Unfortunately [given] the advice role that we play, whenever we make changes to portfolios – perhaps we see an opportunity or we see a threat in the market – we have to contact clients one by one and we have to change their portfolios, and that could cause a bit of damage for clients that we take a bit longer to get to. We also have a managed ETF that’s based overseas in US dollar terms and we also have a global balanced fund that’s also managed and both of those funds are managed by Momentum overseas.
RYK VAN NIEKERK: Not many financial advisors manage their own funds. How does it work? When you get clients do you invest their money in your own funds or do you also invest in other asset managers’ funds?
MAGS HEYSTEK: We do invest in other managed funds and that comes back down to that principle of diversification. Bear in mind as well that with the fund of funds we don’t actually manage the capital within the separate funds – we use funds from various different MANCOs like Investec, Allan Gray, Stanlib, Coronation, Foord, Counterpoint. So there’s a long list of other asset managers [whose funds we use] and the reason for that is different fund managers have different styles of management and that also forms the basis of the diversification. To put it in a nutshell, if two out of eight advisors get it wrong then the fund has still done its role. If eight out of eight get it right then that’s always positive, but that’s also one of the reasons why we’ve employed funds from different companies.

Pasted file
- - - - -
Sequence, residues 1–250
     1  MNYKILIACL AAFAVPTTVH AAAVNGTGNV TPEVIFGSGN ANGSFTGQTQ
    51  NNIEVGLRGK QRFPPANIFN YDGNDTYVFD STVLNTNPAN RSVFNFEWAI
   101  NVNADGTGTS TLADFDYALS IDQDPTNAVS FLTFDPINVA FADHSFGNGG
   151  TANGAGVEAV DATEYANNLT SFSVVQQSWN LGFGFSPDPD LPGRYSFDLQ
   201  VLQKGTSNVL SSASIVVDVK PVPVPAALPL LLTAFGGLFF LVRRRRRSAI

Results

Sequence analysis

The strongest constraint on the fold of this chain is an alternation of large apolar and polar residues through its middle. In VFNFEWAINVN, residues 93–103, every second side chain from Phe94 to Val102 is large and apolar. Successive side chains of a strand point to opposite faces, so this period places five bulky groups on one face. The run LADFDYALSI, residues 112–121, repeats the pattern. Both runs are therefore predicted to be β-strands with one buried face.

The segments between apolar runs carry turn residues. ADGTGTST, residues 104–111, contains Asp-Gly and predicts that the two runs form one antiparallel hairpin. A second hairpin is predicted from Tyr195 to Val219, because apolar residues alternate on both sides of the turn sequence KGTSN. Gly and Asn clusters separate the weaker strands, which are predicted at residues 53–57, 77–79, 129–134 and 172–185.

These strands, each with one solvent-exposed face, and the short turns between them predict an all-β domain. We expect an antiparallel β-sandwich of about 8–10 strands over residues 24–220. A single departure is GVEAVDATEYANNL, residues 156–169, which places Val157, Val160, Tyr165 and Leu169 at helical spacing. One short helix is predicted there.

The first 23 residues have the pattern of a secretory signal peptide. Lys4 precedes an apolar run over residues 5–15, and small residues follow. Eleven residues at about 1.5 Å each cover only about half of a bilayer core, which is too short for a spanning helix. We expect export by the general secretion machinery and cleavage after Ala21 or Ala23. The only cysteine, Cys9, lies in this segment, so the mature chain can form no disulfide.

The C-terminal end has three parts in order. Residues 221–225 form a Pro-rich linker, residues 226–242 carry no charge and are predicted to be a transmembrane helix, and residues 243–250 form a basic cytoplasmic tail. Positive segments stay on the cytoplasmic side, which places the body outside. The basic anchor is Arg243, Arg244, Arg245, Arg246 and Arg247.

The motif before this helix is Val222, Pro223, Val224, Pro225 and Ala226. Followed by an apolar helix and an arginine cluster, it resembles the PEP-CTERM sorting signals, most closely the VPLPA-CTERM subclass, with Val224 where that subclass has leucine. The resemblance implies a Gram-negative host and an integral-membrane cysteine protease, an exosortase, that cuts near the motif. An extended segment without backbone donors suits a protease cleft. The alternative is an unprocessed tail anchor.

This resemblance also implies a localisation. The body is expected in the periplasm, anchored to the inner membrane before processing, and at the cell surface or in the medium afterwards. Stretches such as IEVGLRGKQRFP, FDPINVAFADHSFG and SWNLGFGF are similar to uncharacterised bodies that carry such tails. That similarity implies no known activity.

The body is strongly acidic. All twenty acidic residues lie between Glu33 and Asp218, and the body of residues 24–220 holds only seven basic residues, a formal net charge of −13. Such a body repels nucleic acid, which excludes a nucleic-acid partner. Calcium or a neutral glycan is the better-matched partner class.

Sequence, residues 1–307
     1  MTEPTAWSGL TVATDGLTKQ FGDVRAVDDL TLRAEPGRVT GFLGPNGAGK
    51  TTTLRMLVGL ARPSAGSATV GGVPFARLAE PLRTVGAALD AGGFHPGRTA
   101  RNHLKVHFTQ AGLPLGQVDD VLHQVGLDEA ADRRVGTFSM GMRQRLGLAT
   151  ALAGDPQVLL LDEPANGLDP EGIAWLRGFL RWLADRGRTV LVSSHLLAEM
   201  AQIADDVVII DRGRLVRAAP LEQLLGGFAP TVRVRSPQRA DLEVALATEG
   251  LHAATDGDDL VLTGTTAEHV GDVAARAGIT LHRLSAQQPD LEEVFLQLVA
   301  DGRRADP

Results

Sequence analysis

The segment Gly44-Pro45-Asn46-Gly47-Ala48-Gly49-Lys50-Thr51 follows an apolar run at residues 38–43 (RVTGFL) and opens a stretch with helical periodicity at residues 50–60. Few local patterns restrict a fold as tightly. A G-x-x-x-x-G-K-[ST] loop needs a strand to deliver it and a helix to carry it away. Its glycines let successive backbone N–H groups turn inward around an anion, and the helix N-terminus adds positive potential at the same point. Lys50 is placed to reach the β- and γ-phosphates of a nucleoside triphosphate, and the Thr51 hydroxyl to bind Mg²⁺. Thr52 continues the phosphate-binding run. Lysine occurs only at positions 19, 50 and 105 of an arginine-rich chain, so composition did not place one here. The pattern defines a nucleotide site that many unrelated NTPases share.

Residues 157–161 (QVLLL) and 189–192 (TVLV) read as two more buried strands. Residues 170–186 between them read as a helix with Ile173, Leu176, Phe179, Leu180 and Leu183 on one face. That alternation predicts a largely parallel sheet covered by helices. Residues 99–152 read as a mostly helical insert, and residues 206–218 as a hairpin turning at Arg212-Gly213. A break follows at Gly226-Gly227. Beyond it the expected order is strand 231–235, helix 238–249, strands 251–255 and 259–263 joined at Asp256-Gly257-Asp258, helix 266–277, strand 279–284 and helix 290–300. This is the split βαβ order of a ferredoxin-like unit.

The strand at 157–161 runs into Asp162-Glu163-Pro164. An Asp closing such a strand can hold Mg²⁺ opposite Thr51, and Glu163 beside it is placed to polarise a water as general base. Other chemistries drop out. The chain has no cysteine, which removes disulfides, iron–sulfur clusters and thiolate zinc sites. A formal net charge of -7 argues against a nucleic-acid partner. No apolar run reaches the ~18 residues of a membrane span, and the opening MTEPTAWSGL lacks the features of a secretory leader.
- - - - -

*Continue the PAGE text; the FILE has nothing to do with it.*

RYK VAN NIEKERK: Just lastly, we live in volatile times; do you prefer actively-managed funds over ETFs (exchange-traded funds) or passive?
MAGS HEYSTEK: My opinion on active versus passive has changed slightly. I do feel somewhat that a hybrid model can benefit clients, where you’ve got a combination of managed and passive funds. I know you can have a long argument about it, but I still don’t see there being a definite answer between what is better between passive and active managed funds.
Obviously we lean towards active-managed funds because they do provide value in bear markets, because the fund managers have the opportunity to change the underlying assets within the fund: they can increase cash exposure and they can reduce the equity exposure, whereas passive funds are at the mercy of the market and when there’s a bear market and a big correction like we’ve seen on the South African market in the past year…. It’s always going to be a long conversation but that’s really my personal opinion on the matter.
RYK VAN NIEKERK: Thank you, Mags, we’ll have to leave it there. That was Mags Heystek. He’s a financial advisor at Brenthurst Wealth in Johannesburg.